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4th August, 2016

What will the fall in interest rates mean for new and existing mortgages?

What will the fall in interest rates mean for new and existing mortgages?

The Bank of England’s Monetary Policy Committee decided to cut interests rates from 0.50% to 0.25%. But what does this really mean for existing mortgages and those looking to buy a new property?


For existing mortgages

“Using Office for National Statistics (ONS) house price data, a cut to 0.25% means a £22 monthly reduction in the bill for a variable 25-year repayment mortgage on a typically priced home of £211,000 having taken a 20% deposit into account. So that is a £22 cut on a monthly mortgage bill of about £779,” say the BBC.

However, those on fixed-rate mortgages will see no change.

To find out if your type of mortgage will benefit, click here: https://www.moneysavingexpert.com/news/banking/2016/08/bank-of-england-august-base-rate-decision

However, there is not guarantee that banks will pass on the drop in interest rates, though many have already promised to pass the saving along to their customers.


For movers

Despite the cut, some banks may be reluctant to reduce new mortgage rates even lower. Their low margins are now set to get even slimmer, so they may want to spend their money making saving rates sweeter rather than cutting borrowing rates.

Money Saving Expert say: “The Bank of England itself said today (4th August) it expects any cuts will be limited.”

“Our message for months has been that mortgage rates are already incredibly low, so if you're looking for a deal and you qualify for one, then why wait? The base rate going down doesn't change that message.”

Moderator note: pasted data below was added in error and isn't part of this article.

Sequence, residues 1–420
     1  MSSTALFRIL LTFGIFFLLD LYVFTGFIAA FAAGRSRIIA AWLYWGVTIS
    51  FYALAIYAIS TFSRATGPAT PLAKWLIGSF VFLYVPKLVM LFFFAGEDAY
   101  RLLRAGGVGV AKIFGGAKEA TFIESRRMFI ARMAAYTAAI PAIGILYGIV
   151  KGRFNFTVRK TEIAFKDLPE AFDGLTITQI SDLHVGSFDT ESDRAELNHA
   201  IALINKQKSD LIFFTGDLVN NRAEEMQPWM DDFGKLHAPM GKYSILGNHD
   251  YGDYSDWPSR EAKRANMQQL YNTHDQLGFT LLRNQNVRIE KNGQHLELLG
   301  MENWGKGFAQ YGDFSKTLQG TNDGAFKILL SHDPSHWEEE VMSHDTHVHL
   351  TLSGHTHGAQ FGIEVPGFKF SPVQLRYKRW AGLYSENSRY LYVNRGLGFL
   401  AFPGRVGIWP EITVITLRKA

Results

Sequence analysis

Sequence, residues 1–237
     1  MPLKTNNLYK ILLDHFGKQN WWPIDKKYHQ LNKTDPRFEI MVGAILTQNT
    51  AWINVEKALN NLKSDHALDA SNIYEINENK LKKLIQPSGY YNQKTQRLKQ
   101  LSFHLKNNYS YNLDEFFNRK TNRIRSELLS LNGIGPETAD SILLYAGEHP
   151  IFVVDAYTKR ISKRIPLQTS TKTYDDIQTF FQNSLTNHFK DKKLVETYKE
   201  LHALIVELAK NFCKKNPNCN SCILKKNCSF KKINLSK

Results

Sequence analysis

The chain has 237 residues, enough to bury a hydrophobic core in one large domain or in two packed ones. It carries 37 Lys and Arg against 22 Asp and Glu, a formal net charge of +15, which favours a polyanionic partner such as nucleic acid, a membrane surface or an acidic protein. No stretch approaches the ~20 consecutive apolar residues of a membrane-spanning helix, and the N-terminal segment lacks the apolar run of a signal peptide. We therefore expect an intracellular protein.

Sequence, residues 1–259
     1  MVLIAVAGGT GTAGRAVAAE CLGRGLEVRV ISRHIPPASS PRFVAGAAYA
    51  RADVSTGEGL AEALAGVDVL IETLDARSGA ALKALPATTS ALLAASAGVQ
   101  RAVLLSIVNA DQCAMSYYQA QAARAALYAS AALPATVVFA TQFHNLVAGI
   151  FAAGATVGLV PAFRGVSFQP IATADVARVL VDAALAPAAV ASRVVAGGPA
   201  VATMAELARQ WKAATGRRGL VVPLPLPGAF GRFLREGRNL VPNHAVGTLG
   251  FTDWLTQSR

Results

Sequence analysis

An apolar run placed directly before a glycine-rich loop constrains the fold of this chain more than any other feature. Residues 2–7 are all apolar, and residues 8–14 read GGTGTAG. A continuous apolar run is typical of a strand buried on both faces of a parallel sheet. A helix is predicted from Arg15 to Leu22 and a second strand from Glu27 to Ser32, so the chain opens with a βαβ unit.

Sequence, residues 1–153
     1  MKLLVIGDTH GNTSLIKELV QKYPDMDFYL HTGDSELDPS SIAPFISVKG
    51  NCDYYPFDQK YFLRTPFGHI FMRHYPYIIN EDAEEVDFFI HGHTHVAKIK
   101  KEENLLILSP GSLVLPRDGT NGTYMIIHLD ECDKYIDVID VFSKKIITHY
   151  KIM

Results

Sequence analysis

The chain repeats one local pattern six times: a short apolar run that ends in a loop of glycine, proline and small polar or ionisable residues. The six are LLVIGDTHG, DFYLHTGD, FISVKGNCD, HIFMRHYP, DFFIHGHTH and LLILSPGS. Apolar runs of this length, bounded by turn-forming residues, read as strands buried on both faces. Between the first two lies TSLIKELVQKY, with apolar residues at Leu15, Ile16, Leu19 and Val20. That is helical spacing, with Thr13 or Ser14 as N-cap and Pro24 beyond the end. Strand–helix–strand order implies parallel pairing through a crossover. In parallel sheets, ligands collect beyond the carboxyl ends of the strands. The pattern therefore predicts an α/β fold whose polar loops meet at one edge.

“The 'why wait?' message particularly applies if you're buying a new home. A base rate cut may save you a few pounds per month if rates drop as a result, but you could risk not getting your dream home if you dally.”


Be prepared

Before taking on a mortgage, it’s important to hope for the best, but know you can handle the worst. Could you still afford your mortgage repayments if interest rates increase? The Bank of England governor Mark Carney has warned that people taking out mortgages should be prepared for a jump in their mortgage costs of up to 3%.

He said: “If you are taking out a mortgage, at some stage during the life of that mortgage, conditions will be difficult. You need to be sure that you can repay that mortgage - you don’t want to lose your house or flat.”

Mr Carney did say that a 3% rise was unlikely, but also advised home buyers to have an adequate cushion to help them cope with other economic shocks.

Current low mortgage rates offer a great deal to movers, and there is no real way of predicting if the rates will be better or worse at the end of a fixed-term contract.

Best rates

Once you’ve seriously considered all possibilities, there are lots of incredible mortgage rates that can be snapped up at the moment, making summer 2016 a perfect time to invest in property. Banks are getting competitive to see who can offer borrowers the best deal.

David Hollingworth, of mortgage adviser London & Country, said: “Borrowers have an outstanding range of mortgage options open to them at the moment.

“Those concerned about volatility in the near-term can currently fix their rate at record lows. That's likely not only to save them money now but also give real certainty around their monthly budgeting.”


To read more about the interest rate change, visit our sources:


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